After All - On Manx and Australian trains

An Isle of Man steam train ride brings back memories of Australia

One undisputed gem of my ever-growing collection of antiquarian travel books is 'Observations of the European People' by Samuel Laying, Esq, published in England in 1850. It starts with a colourful description of the author's cross-Channel journey on an early paddle steamer: 'What a world of passengers on our steamer! Princes, dukes, gentlemen, ladies, tailors, milliners, people of every rank and calling, all jumbled together. The power of steam is not confined to material objects. Its influences extend over the social and moral arrangements of mankind. Steam is a great democratic power of our age, annihilating the conventional distinctions, differences and social distance between man and man as well as natural distances between place and place.'

Replace 'steam' with 'the Internet' and you'll have a pretty adequate description of the latter. Indeed, the social significance of the early steam engine was on par with that of our own world wide web. Call me a retrograde but I often feel nostalgic for the golden age of steam.

Luckily, there is a place where I can satisfy that steam passion of mine – the Isle of Man, famous for its still functional (i.e. carrying daily commuters, alongside train buffs and tourists) Victorian steam railways.

The present 16-mile track from Douglas to Port Erin is a reminder of a railway network that once served the whole island.

The first stretch from Douglas to Peel was opened on 1 July 1873. Despite lots of bureaucratic fretting about the political and moral dangers of rail transport, narrow-gauge railways developed quickly on the island; at its height, the Isle of Man Railway Company empire extended to 46 miles of track, with a proud fleet of 16 locomotives, around 75 carriages and dozens of assorted wagons.

The red-brick station building in Douglas had a distinctive 19th century ambience. Inside, there were wooden floors, a tiny coffee shop, an old clock and a ticket window. A handful of my fellow train buffs were clicking their cameras while boarding The Manxman – our little train. CH Wood, a minuscule, almost toy-sized, engine, was spitting out clouds of vapour and puffing loudly, as if chronically short of breath. The platform smelled of coals and steam – the semi-forgotten aroma of my childhood journeys.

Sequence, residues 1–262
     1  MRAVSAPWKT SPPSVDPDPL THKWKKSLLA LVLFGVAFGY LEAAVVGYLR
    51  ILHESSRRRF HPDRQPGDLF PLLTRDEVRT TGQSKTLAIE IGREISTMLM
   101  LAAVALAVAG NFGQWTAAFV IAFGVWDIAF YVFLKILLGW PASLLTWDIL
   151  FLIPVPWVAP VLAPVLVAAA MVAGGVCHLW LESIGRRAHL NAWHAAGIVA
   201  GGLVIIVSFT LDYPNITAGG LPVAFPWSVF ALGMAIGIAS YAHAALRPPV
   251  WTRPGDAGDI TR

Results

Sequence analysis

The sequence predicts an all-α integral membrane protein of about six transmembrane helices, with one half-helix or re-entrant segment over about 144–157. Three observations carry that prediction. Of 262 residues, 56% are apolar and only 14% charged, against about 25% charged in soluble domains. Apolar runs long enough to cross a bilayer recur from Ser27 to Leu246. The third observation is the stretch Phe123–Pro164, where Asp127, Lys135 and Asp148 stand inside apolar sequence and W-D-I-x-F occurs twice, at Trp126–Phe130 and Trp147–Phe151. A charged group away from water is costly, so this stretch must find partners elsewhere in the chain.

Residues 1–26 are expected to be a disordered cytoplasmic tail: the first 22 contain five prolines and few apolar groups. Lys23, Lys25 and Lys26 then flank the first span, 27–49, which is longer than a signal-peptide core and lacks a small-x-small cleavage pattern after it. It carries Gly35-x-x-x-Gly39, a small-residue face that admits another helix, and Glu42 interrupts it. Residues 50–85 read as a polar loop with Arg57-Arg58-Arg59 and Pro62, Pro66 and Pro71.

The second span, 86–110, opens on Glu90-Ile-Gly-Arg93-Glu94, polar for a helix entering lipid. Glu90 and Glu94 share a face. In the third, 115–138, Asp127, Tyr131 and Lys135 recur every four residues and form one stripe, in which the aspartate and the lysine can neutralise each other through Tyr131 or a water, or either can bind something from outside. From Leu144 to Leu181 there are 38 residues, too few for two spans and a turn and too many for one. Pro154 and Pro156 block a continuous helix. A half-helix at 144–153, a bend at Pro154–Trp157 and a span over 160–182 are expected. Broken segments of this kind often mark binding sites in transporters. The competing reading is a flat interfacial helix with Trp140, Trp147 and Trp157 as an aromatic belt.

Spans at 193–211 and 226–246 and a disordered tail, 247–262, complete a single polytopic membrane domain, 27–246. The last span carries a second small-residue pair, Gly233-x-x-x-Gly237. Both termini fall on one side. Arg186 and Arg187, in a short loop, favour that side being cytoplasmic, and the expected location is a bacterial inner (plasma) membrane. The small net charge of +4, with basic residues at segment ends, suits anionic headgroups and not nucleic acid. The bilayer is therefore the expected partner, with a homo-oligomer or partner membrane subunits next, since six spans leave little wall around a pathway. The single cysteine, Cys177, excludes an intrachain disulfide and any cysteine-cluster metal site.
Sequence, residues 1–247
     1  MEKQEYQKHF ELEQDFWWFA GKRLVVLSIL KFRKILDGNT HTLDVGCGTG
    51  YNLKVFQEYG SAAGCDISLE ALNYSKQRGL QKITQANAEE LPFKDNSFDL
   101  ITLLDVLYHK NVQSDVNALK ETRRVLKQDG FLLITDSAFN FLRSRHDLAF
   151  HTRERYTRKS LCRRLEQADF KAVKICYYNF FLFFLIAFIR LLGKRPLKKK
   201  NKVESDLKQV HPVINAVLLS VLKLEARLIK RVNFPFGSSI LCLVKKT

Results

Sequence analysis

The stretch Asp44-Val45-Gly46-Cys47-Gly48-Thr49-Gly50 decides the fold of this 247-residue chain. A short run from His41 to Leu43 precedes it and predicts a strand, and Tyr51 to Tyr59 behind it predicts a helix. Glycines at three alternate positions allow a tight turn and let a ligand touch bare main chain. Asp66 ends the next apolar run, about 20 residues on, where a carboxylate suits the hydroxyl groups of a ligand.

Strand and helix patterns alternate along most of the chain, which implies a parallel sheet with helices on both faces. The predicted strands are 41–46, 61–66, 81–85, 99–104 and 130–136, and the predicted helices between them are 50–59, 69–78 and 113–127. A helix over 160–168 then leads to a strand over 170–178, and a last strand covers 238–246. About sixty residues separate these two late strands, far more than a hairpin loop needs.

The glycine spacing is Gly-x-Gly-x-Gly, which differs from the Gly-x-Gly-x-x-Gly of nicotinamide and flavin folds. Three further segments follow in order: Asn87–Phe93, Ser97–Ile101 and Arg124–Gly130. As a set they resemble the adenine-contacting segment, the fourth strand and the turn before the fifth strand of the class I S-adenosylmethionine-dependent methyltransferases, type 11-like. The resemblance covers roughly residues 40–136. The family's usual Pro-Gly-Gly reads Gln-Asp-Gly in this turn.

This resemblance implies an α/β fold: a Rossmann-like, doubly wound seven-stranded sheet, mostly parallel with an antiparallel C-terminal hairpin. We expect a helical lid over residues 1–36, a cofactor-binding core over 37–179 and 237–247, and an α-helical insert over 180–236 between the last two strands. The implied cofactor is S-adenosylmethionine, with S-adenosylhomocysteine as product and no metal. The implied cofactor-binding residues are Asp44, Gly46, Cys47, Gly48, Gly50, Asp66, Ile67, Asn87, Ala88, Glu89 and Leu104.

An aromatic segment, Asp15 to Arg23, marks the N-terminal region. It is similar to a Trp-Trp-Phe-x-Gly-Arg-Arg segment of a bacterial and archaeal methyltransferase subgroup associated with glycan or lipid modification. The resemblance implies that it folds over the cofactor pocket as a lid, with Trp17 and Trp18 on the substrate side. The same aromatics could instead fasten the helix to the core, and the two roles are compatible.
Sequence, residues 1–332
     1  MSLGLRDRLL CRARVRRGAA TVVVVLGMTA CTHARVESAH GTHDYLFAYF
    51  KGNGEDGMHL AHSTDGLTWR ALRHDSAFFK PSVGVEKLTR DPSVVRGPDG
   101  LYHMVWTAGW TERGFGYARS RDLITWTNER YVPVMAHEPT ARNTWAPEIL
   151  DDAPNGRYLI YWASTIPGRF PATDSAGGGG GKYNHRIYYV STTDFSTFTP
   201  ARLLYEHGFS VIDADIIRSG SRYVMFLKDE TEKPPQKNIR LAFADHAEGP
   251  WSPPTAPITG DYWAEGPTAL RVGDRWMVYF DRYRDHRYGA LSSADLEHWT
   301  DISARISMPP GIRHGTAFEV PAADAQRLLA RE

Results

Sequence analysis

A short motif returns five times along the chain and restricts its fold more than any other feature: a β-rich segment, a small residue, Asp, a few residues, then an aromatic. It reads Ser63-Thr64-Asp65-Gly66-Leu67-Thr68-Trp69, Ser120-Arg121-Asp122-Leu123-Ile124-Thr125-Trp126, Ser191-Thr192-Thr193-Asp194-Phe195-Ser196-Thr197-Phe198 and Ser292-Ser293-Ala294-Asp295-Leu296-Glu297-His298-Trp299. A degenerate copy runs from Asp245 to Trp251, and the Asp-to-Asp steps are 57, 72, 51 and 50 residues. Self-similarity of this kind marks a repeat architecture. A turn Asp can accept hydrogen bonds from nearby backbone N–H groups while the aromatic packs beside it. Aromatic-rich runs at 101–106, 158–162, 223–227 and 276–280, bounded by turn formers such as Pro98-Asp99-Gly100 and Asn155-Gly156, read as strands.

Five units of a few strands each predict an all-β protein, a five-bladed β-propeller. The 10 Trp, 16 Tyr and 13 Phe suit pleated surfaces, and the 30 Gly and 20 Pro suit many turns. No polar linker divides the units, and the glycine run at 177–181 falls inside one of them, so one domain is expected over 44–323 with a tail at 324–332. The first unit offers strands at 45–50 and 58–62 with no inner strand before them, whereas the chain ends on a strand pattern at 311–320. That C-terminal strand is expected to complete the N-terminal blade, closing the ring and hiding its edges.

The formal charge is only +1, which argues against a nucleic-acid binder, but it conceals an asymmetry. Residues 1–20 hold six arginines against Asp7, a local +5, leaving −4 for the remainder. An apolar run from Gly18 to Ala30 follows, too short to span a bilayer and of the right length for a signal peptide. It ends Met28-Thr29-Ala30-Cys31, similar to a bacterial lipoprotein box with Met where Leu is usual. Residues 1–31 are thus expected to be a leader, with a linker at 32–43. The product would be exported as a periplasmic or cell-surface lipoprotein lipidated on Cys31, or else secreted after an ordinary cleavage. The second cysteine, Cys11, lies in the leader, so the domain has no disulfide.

The engine gave a high-pitch whistle, the conductor slammed the door shut – and the train started with jerk.

The carriages were equipped with window straps, wood panels and gas lampshades, now covering electric bulbs. 'Keep your head, arms and legs inside the carriage,' the brass plate above the window warned. I always suspected that all superfluous warning signs like this were compiled by one and the same person: a short, bald and extremely boring fellow, a retired tax inspector and a secret graphomaniac. Having failed to publish any of his tedious writings, he resorted to creating warnings and instructions, thus having his revenge on the whole of humankind who had failed to appreciate his talents.

The compact carriage brought back memories of my trans-Australia journey by the Indian Pacific Express some years ago. The ride across the red-hot Nullarbor desert took three full days, and my first-class compartment was a masterpiece of practicality: everything in it bent and folded. The washing tub, the sleeping berth and even the toilet were all collapsible. It looked (and smelled) like a medium-size snuff box without tobacco, and I could hardly squeeze myself inside with my suitcase.

Instead of tobacco, my snuff box was filled with ominous-sounding signs, warnings and instructions on how to flush the toilet and what to do in case of fire (another masterpiece from the short, bald, boring writer – 'point one: tell the conductor and other people').

Trying to lower the sleeping berth, I faced a dilemma: the compartment could accommodate either the lowered berth or myself, but not both of us simultaneously. I eventually went out into the corridor, lowered the berth through the open door of my compartment and quickly leapt onto it, slamming the door shut in my flight.

To use the loo, normally covered by the berth on which I slept during the night, I had to: a) leave the compartment; b) lift the sleeping berth from the corridor; c) enter the compartment; d) use the loo; e) leave the compartment; f) lower the sleeping berth back into place; g) leap onto the berth from the corridor, shutting the door in my flight (see above).

It was great fun and I hardly noticed how all 70 hours of the journey went past, for even without calls of nature, sleep was hard to achieve: the tiny snuff box on wheels was brimming with the sounds of constantly vibrating objects, and each vibrated with its own distinctive pitch and tone. The water glass was clinking in its metallic holder; the Diet Coke was rustling inside the can like surf; the door hinges were squealing like two old trams turning the corner; the teaspoon in the glass was jingling like a conductor's bell calling the second shift of passengers to the restaurant car for dinner. Even my trainers, stuck according to instruction (a brass plate saying 'Shoes') in a tiny dark closet in the wall, were rubbing against each other and making a muffled clattering sound.

Another high-pitch whistle of the tireless CH Wood brought me back to reality and made me realise that I had just re-visited Australia without leaving the Isle of Man – the never-ending magic of steam. Samuel Laying, Esq. would have liked that, I am sure...

Watching the island's pastoral scenery floating past the window, I made notes in my jotter. Tiny black specks of coal landed on the page from time to time like fossilised fragments of the bygone, yet still reachable, technology epoch. *

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